7. Nov 191817 William Haw married Ann Dauton (John Murphy, Margaret Phelan).
Oct 8 1818 bapt. Michael (Dawton) (William Walsh, Joanna Chail).
Oct 2 1820 bapt. Mary (William Christopher, Honnor Dunfy).
June 23 1823 bapt. Richard (Michael Walsh, Joanna Dannal).

8. Nov 23 1817 Samuel Dalton married Mary Murphy (John Dempster and Joanna Shurley).

9. David Lawler married Bridget Dalton.
Jul 29, 1818 bapt. Ellen (James Murphy, Christian Doyle).
Nov 28 1820 bapt. Mary (Lenora Hogan, Barbara Dalton).

The descendency charts of John Dalton of Alexandria, VA differ as to his origin. One group claims that he was born in VA in 1722 while the other gives his birthplace as Yorkshire, England. Much has been written about his possible origins but it has never been resolved.

DGS member, Nancy Palmer Harvey, of Tallahassee, FL has accumulated some information on John Dalton and his brother Robert as she has searched for a connection between her ancestor, John Bridges, and the Shaws who were the in-laws of John Dalton through his wife, Jemima Shaw. She shares this information with the Daltons.

As readers familiar with this Dalton line know, John Dalton was in partnership with John Carlyle. His other close friends and business associates were William Ramsay and John Pagan all of Scottish ancestry and the three were Scottish merchant factors. Nancy has found several references to Dalton in a book by James D. Munson, a scholarly study done for the Carlyle House in Alexandria. The book is entitled "Col. John Carlyle, Gent., A True and Just Account of the Man and His House".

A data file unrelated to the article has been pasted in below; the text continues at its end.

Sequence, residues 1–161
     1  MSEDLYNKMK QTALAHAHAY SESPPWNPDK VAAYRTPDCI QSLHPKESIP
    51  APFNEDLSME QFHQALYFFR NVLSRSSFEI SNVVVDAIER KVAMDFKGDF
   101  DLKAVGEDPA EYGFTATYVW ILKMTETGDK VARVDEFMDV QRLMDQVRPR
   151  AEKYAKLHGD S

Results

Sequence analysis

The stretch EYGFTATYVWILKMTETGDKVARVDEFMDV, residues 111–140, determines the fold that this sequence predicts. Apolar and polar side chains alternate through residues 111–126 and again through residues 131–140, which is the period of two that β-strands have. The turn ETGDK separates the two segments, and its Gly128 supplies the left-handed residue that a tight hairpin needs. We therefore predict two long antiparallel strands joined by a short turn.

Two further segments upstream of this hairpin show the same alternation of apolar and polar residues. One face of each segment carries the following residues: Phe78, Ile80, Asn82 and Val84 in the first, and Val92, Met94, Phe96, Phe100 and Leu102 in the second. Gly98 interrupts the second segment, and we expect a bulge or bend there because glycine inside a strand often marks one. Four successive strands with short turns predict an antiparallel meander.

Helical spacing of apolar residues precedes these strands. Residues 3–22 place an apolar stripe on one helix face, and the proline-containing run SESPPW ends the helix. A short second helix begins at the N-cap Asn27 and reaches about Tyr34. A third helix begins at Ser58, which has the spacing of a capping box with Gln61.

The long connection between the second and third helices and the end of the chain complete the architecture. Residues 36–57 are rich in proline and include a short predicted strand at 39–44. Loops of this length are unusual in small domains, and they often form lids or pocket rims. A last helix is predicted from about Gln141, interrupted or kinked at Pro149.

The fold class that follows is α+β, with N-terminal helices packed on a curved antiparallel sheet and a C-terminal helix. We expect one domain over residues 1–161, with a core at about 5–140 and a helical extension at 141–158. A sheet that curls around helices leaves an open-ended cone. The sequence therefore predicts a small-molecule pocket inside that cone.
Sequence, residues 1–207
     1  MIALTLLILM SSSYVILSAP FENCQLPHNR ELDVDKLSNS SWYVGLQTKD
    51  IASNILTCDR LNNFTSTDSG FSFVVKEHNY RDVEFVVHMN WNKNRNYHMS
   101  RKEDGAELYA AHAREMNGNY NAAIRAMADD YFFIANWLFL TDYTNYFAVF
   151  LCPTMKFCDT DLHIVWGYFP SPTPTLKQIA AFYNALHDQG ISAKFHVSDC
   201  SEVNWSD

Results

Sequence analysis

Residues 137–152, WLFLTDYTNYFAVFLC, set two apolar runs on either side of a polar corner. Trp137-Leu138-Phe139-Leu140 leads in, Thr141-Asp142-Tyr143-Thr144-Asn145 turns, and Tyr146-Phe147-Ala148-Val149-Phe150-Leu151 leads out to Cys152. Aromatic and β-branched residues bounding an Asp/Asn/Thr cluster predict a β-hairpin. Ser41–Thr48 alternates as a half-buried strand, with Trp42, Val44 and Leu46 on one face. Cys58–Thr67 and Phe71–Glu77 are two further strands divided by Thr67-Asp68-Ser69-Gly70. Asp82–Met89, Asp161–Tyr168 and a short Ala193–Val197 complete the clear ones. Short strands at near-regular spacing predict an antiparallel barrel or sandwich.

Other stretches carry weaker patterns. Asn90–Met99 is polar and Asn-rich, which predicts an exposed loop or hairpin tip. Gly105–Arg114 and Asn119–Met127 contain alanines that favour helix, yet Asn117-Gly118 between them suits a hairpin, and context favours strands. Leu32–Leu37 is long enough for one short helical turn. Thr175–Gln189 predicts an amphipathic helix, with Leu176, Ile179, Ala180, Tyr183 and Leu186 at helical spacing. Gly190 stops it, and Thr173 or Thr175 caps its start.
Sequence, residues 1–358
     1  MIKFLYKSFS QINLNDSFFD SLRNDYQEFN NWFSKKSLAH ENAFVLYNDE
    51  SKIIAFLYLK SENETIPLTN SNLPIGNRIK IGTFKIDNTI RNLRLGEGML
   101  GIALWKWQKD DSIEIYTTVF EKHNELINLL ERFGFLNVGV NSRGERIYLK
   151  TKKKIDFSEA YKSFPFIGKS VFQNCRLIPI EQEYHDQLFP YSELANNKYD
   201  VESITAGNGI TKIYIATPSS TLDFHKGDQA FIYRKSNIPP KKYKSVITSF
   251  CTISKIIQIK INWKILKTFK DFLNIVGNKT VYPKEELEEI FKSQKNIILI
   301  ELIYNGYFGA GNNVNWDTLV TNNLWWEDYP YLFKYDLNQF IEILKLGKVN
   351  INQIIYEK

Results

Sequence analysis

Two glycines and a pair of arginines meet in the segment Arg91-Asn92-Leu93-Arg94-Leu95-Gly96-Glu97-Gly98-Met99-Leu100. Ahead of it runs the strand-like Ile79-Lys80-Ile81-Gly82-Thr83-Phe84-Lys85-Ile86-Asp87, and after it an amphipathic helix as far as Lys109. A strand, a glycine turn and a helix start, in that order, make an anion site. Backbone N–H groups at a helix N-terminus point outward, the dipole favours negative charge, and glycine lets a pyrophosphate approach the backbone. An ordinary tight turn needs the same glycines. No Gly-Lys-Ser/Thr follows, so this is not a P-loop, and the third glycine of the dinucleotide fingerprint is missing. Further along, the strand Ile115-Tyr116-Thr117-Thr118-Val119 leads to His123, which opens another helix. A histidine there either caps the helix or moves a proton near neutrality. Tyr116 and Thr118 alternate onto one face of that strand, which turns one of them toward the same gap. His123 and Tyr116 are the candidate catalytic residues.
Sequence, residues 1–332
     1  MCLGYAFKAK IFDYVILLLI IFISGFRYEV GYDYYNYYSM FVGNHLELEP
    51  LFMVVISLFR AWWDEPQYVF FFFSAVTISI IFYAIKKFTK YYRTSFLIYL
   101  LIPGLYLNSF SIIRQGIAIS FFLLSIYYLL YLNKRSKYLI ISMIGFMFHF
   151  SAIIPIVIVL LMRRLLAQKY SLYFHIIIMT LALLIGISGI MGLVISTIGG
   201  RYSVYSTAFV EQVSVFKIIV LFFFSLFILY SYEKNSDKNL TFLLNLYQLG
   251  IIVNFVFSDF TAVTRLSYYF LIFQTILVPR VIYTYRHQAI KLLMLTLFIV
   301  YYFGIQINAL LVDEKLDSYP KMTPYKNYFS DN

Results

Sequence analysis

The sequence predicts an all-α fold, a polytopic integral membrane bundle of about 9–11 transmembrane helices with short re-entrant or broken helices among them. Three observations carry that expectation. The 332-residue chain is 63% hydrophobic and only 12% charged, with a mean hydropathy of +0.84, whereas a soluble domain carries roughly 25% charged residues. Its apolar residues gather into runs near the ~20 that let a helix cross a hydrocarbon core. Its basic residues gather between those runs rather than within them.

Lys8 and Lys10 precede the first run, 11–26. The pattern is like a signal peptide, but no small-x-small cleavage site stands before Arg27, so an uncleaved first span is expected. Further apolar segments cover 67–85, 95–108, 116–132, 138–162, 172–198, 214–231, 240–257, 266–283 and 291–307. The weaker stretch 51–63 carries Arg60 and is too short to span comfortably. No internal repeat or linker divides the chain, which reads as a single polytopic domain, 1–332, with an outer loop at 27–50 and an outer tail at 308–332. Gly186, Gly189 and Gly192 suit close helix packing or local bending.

John Dalton made a trip to Carlisle, England. He was carrying a letter dated Feb 1746 from John Carlyle to his brother George in Whitehaven, England. He arrived in Kendal, England with the letter and gifts for George. John Carlyle wrote ..." This now Comes by the Hudson on Board which Ship comes my good friend Mr. Jn Dalton ..." There is a passage that also states that John Carlyle's main employment when he arrived (in VA) was with a Mr Hicks of Whitehaven, England. Thus Carlyle became an agent for Hicks procuring and selling goods for him in VA and MD. It is likely that Carlyle met Dalton through the Hicks connection.